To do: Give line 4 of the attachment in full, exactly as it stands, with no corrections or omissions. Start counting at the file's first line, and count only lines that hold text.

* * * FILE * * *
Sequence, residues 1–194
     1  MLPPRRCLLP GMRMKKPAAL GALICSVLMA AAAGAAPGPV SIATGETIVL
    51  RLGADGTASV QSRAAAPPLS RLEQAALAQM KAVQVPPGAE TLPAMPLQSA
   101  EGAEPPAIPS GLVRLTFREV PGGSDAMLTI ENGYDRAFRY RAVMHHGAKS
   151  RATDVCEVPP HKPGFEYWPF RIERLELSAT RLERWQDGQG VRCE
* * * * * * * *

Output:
   101  EGAEPPAIPS GLVRLTFREV PGGSDAMLTI ENGYDRAFRY RAVMHHGAKS